Today I am part of a blog tour, and I got a lovely excerpt for you all to read! Of course I also have some information on the book, the author. The book really sounds fun, an exchange program to France, boy I wish we had that kind of stuff when I was still in school. I also got a giveaway. 🙂 It is for US/CAN only (at least that is what the mail said), so sorry to everyone in the other parts of the world. Normally I wouldn’t add it because I like to keep my blog international, but the price is quite awesome, so I am adding it for my US/CAN readers. Good luck!
Lets get started!
Publisher: Amberjack Publishing
Publication: December 6th 2016
Ages: Young Adult
Category: Contemporary, Young Adult
Rosemary is fifteen and gloriously free, on her own for the very first time. Part of an exchange program for aspiring artists, she arrives in sunny southern France with a single goal: she doesn’t plan to leave, ever. She wants a new life, a new family, and a new identity. But her situation, crafted from lies big and small, is precarious.
Desperate to escape haunting images from her past and a stage one helicopter parent, Rosemary struggles to hide her lack of artistic talent and a communication disorder that has tormented her all her life. She believes her dream of a new start will come true, until she unwittingly finds herself enveloped in a decades-old mystery that threatens to ruin her only chance for success. Determined to stay, Rosemary must choose whether or not she’ll tell the biggest lie of all, even if it means destroying the life of someone she cares about.
Dramatic, heartwarming, and full of teenage angst, The French Impressionist perfectly captures the struggle of those who feel they have no voice, and also shows the courage it takes to speak up and show the world who we really are.
Buy the book here: Amazon|||B&N ||| Kobo
Rebecca Bischoff currently resides in Idaho with her family and works as a speech-language pathologist. She loves helping others, especially kids and teenagers, discover their own unique voices and learn to share who they are with the world. When she isn’t writing, she loves to read, spend time with her kids, and make awkward attempts to learn foreign languages. She is drawn to all things both French and Italian, used bookstores, and anything made out of chocolate.
Find her at these places: Site | Twitter | Facebook
And now drum roll the excerpt for this book!
The fixture that lights the upper hallway goes on automatically when I reach the top step.
There’s a door to my left marked with the number 64, and a plastic potted palm at my right, so close I brush against its dusty fronds. There’s one more door at the end of the long, narrow hall, but it’s not marked. More voices from the hall below chase me farther away so I head to the unmarked door.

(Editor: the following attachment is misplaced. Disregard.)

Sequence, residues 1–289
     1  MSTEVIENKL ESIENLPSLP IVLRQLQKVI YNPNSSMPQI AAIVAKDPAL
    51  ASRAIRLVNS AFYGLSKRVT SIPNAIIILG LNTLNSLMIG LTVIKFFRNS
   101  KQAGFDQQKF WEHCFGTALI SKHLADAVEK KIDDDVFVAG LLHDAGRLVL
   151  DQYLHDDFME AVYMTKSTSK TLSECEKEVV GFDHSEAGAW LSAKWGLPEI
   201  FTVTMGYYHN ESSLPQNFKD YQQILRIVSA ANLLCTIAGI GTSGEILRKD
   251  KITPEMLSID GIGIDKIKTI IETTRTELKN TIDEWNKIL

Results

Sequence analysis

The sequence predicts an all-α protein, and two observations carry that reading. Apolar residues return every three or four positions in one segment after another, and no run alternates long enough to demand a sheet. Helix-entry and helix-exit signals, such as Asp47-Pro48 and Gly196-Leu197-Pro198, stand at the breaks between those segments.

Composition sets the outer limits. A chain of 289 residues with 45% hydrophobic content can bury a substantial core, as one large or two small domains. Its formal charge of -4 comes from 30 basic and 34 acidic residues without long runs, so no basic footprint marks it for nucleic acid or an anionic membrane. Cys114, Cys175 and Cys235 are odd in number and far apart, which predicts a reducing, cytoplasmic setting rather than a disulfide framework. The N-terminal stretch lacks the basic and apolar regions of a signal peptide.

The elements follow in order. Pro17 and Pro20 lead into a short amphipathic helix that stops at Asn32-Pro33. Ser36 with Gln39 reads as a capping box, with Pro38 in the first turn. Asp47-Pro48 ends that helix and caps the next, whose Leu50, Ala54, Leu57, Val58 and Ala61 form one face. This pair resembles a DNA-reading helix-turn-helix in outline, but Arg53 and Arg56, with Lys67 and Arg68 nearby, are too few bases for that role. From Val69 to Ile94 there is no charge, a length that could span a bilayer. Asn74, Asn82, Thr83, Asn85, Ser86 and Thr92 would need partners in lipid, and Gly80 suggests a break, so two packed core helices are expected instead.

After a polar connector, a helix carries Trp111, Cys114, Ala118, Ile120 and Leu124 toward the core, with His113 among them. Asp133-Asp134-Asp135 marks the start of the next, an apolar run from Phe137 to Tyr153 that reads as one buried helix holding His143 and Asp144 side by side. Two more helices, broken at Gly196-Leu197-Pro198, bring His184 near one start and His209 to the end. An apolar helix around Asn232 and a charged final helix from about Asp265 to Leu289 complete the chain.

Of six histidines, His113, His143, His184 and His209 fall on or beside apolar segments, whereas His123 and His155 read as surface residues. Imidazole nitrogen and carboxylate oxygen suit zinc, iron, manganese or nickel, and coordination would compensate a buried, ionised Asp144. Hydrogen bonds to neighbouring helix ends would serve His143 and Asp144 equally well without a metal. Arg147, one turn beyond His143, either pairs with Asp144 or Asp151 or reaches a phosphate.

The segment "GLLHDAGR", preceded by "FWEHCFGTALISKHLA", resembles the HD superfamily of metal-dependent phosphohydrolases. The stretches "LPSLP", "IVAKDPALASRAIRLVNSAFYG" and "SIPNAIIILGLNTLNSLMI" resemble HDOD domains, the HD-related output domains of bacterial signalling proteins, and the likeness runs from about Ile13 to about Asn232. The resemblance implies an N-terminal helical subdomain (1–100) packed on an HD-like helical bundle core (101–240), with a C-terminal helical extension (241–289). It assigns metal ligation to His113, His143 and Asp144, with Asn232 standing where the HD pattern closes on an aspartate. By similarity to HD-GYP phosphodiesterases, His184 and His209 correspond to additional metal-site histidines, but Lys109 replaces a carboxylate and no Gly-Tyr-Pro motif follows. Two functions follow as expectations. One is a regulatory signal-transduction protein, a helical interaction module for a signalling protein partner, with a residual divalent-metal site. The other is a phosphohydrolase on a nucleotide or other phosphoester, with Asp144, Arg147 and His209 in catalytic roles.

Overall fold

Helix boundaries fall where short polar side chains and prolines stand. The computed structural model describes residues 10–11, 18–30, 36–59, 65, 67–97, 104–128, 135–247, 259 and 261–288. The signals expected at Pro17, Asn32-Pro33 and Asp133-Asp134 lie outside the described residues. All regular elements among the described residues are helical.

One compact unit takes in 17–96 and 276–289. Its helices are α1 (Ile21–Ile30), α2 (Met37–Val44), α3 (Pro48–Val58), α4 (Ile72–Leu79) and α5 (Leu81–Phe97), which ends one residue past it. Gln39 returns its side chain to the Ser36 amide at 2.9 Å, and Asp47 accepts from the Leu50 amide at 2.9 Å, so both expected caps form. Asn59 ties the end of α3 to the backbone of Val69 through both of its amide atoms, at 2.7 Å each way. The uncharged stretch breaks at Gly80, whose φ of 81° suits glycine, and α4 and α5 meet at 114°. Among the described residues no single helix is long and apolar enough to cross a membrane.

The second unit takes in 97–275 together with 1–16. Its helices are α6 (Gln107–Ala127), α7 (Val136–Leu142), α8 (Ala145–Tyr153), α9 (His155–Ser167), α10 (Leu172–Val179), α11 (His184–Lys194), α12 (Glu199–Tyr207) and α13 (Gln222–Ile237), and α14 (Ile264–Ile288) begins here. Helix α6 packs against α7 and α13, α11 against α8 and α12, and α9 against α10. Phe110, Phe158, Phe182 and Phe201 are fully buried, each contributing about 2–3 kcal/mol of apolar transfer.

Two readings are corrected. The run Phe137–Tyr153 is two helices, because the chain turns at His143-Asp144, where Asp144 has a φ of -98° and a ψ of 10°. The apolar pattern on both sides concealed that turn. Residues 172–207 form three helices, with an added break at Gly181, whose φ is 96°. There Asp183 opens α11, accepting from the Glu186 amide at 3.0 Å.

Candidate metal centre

I keep telling myself I’m not running away from anything. I’m just sparing the feelings of others.
Rusted metal forms a tiny balcony that doesn’t look very sturdy, and narrow spiral stairs wind upward along the outer wall of the building. My mother would have a heart attack at the thought of me climbing this rickety monstrosity.
The thought spurs me onward. At the top, the stairs open up onto a flat roof that’s been turned into a garden. Trees in huge pots line one side of the rooftop. Their leaves shiver in the soft blowing air. The space before me is covered with low wooden boxes that hold rose bushes, tons of flowers, or the spiky leaves of onions and feathery tops of carrots. One box holds wiry tendrils that spill out all over the place. I smell the perfume of the blossoms and the clean, earthy scent of wet soil. I sit and look up at the rain-washed sky that glows as the sun sinks low.
Then I lie down on the flat roof, actually lie down right on top of dirt and leaves and cigarette butts. And I smile like an idiot up at the blushing sky. This is what it’s like to truly be alone.
Everything inside me feels new.
I can almost forget my latest humiliation. And in the space of one tiny heartbeat, I know that I can’t. Not really.
I sit up and pick leaves from my hair. It’s always going to be like this. How can I forget? It’s like there’s this room full of people, all talking and laughing and having a great time and I’m watching through a wall of glass, wanting to join them. The sun goes down as I explore every inch, pick a hard green apricot, smell the roses, drop petals from the roof, and finally decide that I’ve wasted enough time.
Downstairs, I listen at Sylvie’s door to make sure the Americans are gone. They are. I pause with my hand on the knob and try to gather some courage. I hear my therapist’s voice in my mind. “Find your feet, Rosemary. Breathe.” It sounds so stupid, but sometimes it works. Thinking about my feet is supposed to make me forget whatever’s bothering me. It’s also a symbol for stepping forward and moving on from the crap that happened. Then I just breathe. Out with the bad air. In with the good air. I find my feet. I breathe.
And I talk in my head. Goodbye, Gavin. Y’all don’t come back now, y’hear? Sylvie meets me inside and enfolds me in a warm embrace. I hug her back, gratified and kind of shocked that she’s showing such affection to a stranger. To an awkward girl who behaved like a toddler. My hopes heave themselves back off of the floor inside me. When Sylvie releases me, she says nothing. Émile asks me if I’m still hungry, offers dessert, and that’s all. For a second, he looks at me like there’s something he wants to say, but he doesn’t. So I sit and eat chocolate cake with fresh raspberries, and I feel dumb.
Lame for running off the way I did. I make myself a promise. This is the last time I run away from anything.
New home. New family. New Rosemary.
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